Myst was my first PC co-op game. In 1993 my friend Steve and I sat side-by-side in front of my boxy CRT peering in wonder at a game that looked unlike anything else ever made. We walked our way back and forth across beautiful and mysterious islands (well, clicked on static pictures of them, anyway), hunting for pixels to interact with, making notes with pencil and paper, and bashing our brains against a series of ridiculously obtuse puzzles. We never finished.
NEED TO KNOW
What is it? A 3D remake of Myst that supports desktop and VR.
Expect to pay: $29.99/£23.79
Developer: Cyan Worlds Inc.
Publisher: Cyan Worlds Inc.
Reviewed on: RTX 2080, Intel i7-9700K , 16GB RAM, Oculus Quest with Link
Link: Official site
It’s a little weird to be back in Myst in 2021, after all this time. Cyan Worlds has completely remade the game (again, following 2000’s realMyst and 2014’s realMyst: Masterpiece Edition, neither of which I played). And this new 3D Myst works on both desktop and in VR, so I got to spend time actually (virtually) walking around in it. As a remake, Myst is a faithful one, but maybe a bit too faithful. Cyan Worlds say it’s a “reimagined” Myst, but while it’s far more modern-looking it’s still almost exactly the same game. Myst, no matter how it looks in 2021, feels pretty outdated.
In case you haven’t had a chance to play one of the many versions of Myst in the past 28 years, the adventure game begins with you trapped on a strange island after reading a strange book. To gather the missing pages of the book and discover the story of the island and the family who once inhabited it, players need to solve elaborate puzzles that transport them to new islands, where they complete even more puzzles in order to return. There’s a bit of story and lore told through books, notes, and holograms (originally they were cheesy FMV, now they’re cheesy CG) but Myst is mostly built from puzzles, not stories.
It is nice to be able to actually walk through the world this time, and for a while it’s novel experiencing a familiar place in a new way, wandering from puzzle to puzzle rather than just clicking on static images when I want to move around. At the same time it highlights how even a freshly rebuilt game can still feel a bit out of date because Myst is a lovely place, but it’s not a big place. Everything on the islands are just a few steps away from everything else, and after playing countless games set on islands over the years, especially other puzzle games like The Witness, the world of Myst today just feels… small. Shockingly small. Even under blue skies and the shining sun, playing Myst is like standing in an escape room where the boundaries are never more than a few feet away. The islands of Animal Crossing feel sprawling in comparison.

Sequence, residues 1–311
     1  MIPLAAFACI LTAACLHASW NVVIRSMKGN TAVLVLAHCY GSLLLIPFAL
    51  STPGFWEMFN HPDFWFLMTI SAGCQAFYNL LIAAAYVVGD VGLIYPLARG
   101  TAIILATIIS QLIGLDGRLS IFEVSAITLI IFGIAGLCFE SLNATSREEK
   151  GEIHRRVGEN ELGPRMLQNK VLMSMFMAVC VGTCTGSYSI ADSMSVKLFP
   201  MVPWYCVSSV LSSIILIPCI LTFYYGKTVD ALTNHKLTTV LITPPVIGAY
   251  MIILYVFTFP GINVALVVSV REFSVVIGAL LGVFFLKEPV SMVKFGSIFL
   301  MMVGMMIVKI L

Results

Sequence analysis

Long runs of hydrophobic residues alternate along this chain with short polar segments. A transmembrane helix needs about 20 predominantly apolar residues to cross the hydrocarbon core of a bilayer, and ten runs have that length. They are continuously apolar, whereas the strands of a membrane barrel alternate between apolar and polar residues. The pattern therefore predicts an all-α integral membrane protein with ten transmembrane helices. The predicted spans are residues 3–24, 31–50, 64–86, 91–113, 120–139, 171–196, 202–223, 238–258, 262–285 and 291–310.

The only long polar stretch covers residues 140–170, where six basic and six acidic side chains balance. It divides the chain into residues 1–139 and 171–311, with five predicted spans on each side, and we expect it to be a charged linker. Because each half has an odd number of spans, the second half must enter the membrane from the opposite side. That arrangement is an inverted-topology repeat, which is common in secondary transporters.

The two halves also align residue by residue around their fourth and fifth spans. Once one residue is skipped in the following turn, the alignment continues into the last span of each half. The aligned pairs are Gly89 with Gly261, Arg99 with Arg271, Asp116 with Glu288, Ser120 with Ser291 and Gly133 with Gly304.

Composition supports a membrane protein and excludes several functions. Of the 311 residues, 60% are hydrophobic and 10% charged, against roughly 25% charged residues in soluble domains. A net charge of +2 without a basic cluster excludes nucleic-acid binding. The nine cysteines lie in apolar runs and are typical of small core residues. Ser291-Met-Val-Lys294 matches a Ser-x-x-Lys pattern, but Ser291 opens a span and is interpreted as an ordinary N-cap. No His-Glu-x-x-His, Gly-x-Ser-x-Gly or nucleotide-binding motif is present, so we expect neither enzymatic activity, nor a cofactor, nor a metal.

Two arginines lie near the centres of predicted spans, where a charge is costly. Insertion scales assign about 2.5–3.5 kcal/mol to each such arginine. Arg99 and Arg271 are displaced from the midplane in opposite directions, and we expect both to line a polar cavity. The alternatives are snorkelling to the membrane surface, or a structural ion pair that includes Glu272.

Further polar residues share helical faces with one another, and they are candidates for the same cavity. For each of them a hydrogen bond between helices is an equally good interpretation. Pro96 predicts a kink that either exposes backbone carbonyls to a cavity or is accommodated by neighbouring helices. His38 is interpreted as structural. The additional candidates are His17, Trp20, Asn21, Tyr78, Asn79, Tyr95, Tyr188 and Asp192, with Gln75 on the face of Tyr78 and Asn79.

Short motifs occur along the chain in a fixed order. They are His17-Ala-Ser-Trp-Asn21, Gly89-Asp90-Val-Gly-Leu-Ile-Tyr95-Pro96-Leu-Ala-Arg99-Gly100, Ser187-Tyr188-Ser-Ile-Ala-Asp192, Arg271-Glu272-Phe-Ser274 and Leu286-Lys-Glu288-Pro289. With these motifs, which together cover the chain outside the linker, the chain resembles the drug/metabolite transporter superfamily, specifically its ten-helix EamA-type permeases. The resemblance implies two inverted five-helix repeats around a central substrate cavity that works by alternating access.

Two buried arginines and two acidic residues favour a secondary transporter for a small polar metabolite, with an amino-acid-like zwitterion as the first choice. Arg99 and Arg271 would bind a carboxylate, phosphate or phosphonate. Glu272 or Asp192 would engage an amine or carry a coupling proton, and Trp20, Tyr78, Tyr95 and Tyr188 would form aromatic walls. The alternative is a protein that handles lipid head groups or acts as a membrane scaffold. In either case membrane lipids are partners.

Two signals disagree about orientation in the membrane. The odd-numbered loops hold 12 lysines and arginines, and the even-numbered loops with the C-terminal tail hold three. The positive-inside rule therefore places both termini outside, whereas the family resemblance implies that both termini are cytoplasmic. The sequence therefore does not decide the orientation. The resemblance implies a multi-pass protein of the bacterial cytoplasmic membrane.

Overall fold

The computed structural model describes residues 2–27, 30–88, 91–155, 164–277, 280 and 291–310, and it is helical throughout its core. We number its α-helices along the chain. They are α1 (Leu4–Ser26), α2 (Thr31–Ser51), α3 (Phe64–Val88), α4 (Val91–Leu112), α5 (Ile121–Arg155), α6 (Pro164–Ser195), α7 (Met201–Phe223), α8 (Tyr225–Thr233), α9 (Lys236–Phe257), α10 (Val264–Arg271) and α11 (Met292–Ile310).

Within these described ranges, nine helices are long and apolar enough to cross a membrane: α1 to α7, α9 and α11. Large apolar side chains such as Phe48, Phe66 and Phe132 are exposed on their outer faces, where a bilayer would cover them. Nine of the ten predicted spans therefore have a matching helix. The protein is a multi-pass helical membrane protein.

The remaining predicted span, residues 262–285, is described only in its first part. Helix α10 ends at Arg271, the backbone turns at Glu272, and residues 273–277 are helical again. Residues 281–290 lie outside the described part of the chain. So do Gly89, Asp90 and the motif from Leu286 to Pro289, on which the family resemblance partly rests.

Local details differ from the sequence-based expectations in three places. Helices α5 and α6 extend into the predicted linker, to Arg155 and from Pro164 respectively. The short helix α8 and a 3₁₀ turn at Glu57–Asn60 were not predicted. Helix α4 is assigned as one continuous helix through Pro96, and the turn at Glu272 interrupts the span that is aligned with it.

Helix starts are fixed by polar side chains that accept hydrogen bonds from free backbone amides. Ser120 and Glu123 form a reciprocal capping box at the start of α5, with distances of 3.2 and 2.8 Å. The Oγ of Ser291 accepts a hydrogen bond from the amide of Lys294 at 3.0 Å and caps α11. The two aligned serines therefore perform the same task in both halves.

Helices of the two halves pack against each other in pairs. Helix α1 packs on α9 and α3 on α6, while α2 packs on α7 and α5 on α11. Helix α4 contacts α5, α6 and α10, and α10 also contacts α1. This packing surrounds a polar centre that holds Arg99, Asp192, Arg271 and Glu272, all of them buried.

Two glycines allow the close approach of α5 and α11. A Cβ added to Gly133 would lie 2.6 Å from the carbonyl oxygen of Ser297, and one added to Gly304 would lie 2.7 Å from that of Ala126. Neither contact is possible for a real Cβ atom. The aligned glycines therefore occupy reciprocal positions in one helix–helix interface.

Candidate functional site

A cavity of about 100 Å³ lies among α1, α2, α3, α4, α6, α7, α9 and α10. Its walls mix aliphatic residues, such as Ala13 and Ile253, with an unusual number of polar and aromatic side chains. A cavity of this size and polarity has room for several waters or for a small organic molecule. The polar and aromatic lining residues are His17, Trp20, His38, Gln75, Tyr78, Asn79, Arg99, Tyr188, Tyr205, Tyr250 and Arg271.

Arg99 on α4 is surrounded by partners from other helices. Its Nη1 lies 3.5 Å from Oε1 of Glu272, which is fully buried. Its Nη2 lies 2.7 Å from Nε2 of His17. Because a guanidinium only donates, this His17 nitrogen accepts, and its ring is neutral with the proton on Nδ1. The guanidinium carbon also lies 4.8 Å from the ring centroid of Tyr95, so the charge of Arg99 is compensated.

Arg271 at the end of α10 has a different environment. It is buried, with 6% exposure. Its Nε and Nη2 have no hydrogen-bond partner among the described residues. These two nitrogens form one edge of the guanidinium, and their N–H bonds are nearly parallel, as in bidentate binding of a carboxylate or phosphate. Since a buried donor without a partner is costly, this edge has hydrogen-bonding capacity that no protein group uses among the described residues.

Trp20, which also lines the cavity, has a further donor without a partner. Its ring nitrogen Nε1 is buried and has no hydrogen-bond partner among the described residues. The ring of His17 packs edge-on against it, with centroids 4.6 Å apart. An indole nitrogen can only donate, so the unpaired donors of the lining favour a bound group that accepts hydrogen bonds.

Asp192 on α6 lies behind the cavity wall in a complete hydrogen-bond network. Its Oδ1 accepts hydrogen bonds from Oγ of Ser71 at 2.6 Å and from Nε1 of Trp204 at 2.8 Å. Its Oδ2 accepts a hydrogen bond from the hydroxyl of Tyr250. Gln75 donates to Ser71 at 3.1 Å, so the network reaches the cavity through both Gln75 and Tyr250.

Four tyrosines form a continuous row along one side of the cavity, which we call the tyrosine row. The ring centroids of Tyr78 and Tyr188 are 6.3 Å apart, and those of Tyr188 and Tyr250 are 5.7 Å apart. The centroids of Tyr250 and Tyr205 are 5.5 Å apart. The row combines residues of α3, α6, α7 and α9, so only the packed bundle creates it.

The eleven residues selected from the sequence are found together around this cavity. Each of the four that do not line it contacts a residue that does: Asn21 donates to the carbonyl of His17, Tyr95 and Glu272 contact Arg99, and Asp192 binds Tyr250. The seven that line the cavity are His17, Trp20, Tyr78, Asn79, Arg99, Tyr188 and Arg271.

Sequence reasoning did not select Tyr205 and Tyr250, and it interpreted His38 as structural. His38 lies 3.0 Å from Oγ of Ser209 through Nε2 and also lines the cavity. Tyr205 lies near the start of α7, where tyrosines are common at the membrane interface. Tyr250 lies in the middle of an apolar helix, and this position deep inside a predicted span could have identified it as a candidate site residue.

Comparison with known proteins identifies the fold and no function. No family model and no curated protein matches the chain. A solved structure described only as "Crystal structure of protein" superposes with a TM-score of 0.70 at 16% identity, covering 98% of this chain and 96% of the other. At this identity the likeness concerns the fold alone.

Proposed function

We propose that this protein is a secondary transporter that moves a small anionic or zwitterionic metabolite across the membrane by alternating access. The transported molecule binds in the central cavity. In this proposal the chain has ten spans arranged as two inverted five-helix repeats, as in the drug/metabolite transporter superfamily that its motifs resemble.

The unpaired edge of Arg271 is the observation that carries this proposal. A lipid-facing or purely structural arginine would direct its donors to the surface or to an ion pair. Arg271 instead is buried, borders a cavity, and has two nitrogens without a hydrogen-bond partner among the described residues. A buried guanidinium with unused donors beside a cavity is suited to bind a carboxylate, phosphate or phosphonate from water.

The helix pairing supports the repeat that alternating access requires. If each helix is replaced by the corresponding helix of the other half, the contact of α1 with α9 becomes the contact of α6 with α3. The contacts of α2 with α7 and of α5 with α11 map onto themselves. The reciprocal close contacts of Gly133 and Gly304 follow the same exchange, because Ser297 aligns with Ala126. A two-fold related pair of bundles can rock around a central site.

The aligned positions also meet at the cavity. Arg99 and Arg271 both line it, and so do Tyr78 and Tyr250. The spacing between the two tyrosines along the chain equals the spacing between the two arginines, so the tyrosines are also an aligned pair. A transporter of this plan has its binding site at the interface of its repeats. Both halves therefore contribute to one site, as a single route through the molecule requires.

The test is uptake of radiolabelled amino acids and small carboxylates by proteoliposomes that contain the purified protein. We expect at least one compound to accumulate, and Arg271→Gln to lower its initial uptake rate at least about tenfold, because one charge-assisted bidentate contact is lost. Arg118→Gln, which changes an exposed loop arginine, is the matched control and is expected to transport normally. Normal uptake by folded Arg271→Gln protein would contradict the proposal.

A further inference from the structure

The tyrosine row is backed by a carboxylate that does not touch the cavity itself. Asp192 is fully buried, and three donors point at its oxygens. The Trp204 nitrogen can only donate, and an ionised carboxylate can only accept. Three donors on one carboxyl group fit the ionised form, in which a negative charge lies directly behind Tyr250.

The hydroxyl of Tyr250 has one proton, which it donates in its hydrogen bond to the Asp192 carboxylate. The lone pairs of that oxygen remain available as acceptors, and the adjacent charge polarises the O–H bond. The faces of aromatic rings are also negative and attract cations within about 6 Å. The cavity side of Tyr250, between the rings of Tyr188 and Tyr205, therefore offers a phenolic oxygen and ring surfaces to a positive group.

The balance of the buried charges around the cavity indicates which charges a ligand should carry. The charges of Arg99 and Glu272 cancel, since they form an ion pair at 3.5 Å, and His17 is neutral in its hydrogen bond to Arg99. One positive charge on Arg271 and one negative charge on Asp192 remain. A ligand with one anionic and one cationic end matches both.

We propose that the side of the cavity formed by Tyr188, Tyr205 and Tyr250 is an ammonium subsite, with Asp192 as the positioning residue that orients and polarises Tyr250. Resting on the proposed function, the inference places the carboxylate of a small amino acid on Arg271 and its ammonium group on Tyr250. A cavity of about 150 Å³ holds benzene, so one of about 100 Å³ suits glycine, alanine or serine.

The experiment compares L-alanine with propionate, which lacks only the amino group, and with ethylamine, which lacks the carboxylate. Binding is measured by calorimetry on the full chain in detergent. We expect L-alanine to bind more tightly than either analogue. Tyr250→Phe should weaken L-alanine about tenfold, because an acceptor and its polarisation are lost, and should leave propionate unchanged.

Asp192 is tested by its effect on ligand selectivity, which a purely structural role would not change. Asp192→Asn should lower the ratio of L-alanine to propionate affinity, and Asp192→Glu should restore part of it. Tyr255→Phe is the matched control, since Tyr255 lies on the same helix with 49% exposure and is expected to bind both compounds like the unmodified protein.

Puzzles are just the same as they were in the original, though you can randomize them if you want to play again with a new challenge. As they did in 1993, the puzzles can be fairly straightforward, punishingly difficult, or somewhere in between. Since clues to the solution of a single puzzle may be located in several different areas, it’s an exercise in wandering around and staring at things, wandering some more and doing more staring, experimenting a little here and there, and then wandering back through everything again to see if there’s something you missed. I definitely don’t have the patience I once did for the rougher puzzles, and it’s a real challenge to flip through pages and pages of codes or push a button for the 120th time to see absolutely nothing useful happen without opening a browser and looking for a walkthrough.
There’s still a lot to enjoy, though, and plenty of clever puzzle design. Sometimes simple observation can get you a long way toward solving a puzzle, like noticing a locked rocketship is connected to a brick bunker by an electrical wire.
Sound often comes into play, which I really love, like a distant clunking sound while turning a wheel in a cabin, or the hum of a wire that lets you know a current is running through it, or an underground train puzzle where sounds play at the track intersections and combine with one another to give you directions. Solving a puzzle, or even figuring out what the puzzle wants from you, results in plenty of happy eureka moments, not just from feeling smart but from having resisted the urge to cheat by looking up the answers.
In VR it’s nice to see Myst from a new perspective, and even just on desktop it’s a beautiful looking game: hypnotic ocean waves lapping at the shore, clouds rolling overhead, and a few nice details like a small green frog hopping along a bridge in the woods. But even with this modern facelift, the world of Myst remains mostly static, and even in 3D it still feels more like a painting of a place than an actual place.
And while a photomode has been added so you can take pictures of puzzle clues to use as reference, I still can’t really imagine trying to solve the game in VR. There’s no way taking pictures can replace using a pen and paper to scribble down notes, something that would be exceptionally difficult to do while holding controllers and wearing a headset.
Some of the PC options don’t feel so modern, either. Keyboard controls can’t be remapped, and while there aren’t a ton of controls it would still be a nice option. You’re also limited to a couple save slots and a single autosave, which seems like something out of the 1990s as well.
It’s perfectly nice to revisit Myst after all these years, but even in the 3D the classic puzzle slideshow still feels like a series of pretty pictures to be looked at rather than a real location to visit. If you’ve got an itch to revisit Myst, this is the version I’d suggest trying, as long as you’re not expecting something altogether different (or even a little bit different) than the 1993 original.
This modern remake of the classic puzzle game doesn’t stop it from feeling out of date.